A man was arrested in November at the Barking Crab in the Seaport part of Boston. After responding to a reported break-in at the restaurant, law enforcement officers found the man stealing bottles of alcohol. The suspect then fell and cut himself on broken bottles as he attempted to flee the police. The suspect was then taken by the police to the hospital with non-life-threatening injuries.
How Breaking and Entering is Categorized
Massachusetts Chapter 266 Section 16 defines the crime of “breaking and entering at nighttime with the intent to commit a felony” or “burglary.” This offense is punishable by a maximum of 20 years in state prison. To be convicted of the offense, the prosecution must establish beyond a reasonable doubt that a person committed the following:
At night time. The element of night includes the time between one hour after sunset to one hour before sunrise.
Breaks into a structure belonging to another person. The word ‘break’ is confusing, and the prosecution need not establish that a person broke anything. Instead, breaking can be found in the exertion of any type of physical force.
Enters a building or structure belonging to another person. This does not mean that a person’s entire body enters the structure; just a hand or arm is enough.
With the intent to commit a felony. Many times, it is difficult to show a person had the intent to commit a crime. If a person lacked intent, the only offense with which a person can be convicted would be trespassing, which is a much less serious offense.
Given these complexities, several strong defenses can be raised in response to a breaking and entering charge. This article considers just a few of the most common defenses.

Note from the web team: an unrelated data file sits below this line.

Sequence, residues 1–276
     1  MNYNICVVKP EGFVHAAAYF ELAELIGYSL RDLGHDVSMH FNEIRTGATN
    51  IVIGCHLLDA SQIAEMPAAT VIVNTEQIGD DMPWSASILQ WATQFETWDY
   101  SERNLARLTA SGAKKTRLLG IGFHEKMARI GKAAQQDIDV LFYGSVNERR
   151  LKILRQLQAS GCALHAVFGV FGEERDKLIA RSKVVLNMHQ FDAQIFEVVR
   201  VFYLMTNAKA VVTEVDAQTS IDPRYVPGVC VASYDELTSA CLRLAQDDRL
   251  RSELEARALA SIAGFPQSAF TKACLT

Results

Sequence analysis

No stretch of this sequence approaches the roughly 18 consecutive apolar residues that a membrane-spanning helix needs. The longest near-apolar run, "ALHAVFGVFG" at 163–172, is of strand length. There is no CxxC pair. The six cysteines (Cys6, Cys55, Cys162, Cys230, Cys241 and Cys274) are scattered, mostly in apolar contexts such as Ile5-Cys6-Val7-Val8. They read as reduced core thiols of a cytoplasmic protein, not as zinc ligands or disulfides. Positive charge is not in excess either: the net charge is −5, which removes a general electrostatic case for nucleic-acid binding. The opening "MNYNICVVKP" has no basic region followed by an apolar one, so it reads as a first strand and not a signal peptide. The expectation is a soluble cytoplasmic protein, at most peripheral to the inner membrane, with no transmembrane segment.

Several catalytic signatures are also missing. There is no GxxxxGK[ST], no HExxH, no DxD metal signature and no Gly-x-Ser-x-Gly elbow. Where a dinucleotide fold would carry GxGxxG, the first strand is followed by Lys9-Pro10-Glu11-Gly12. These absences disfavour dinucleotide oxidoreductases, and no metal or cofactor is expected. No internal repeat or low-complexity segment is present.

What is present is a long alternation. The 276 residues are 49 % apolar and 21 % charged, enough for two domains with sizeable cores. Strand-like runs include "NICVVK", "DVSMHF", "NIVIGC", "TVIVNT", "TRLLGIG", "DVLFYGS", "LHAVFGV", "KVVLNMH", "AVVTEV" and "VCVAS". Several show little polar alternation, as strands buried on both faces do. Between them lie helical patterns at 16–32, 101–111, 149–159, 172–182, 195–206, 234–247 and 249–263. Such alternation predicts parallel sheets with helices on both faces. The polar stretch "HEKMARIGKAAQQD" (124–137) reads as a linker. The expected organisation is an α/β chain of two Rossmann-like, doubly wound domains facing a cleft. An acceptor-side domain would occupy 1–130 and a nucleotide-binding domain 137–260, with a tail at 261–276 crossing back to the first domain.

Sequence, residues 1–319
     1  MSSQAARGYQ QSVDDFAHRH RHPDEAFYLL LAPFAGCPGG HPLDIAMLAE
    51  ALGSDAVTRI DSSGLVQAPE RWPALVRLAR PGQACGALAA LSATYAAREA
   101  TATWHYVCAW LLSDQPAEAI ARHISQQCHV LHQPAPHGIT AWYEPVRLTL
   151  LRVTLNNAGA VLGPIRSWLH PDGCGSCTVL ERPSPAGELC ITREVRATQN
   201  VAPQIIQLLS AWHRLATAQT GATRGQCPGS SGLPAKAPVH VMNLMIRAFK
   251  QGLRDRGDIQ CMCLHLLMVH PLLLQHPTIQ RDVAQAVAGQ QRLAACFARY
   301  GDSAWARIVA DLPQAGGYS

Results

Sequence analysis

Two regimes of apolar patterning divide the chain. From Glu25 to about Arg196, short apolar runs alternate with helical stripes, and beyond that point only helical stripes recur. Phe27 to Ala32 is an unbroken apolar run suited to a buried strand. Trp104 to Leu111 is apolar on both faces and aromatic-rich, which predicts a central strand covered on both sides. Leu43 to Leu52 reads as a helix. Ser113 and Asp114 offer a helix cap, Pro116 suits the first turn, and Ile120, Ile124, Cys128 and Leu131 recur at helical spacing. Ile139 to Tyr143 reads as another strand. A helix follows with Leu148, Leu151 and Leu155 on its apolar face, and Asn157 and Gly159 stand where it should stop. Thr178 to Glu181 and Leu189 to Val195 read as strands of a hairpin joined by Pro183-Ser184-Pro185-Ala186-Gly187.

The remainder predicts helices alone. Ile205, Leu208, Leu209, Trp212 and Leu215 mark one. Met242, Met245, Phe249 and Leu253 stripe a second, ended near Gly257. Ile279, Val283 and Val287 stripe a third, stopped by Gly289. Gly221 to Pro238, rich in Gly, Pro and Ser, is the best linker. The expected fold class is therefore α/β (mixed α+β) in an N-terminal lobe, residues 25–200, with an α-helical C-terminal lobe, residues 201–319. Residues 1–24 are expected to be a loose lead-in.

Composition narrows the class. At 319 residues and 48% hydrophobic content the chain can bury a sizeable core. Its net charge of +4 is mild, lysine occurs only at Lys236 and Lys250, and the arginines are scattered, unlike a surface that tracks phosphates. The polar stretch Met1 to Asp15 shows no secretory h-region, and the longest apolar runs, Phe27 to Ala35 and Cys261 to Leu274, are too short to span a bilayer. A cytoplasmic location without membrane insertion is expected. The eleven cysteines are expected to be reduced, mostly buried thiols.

Common Defenses to Breaking and Entering
Some of the most common defenses that are raised in response to breaking and entering charges include:
If the property owner consented to the individual’s location on the property, a defense might exist. Courts interpret consent narrowly, though. This means that if a property owner consented for a person to be one part of the property but not the area where the breaking and entering occurred, consent cannot be used as a defense.
If a person was mistaken about the property in such a way that the intent aspect of breaking and entering is negated, a person can raise a strong defense. This might involve a person breaking and entering someone else’s property while under the mistaken belief it was the trespasser’s property or that the property belonged to friends or family who provided that individual with consent.
Speak With a Criminal Defense Attorney
Remember, being convicted of breaking and entering or one of several other theft crimes in Massachusetts carries serious penalties including imprisonment, fines, and the lasting reputation of being a thief. To maximize your chances of avoiding these charges, you should not hesitate to speak with a knowledgeable criminal defense lawyer. Contact attorney Edward R Molari today to schedule a free case evaluation, during which time attorney Molari will review your available options to respond to charges.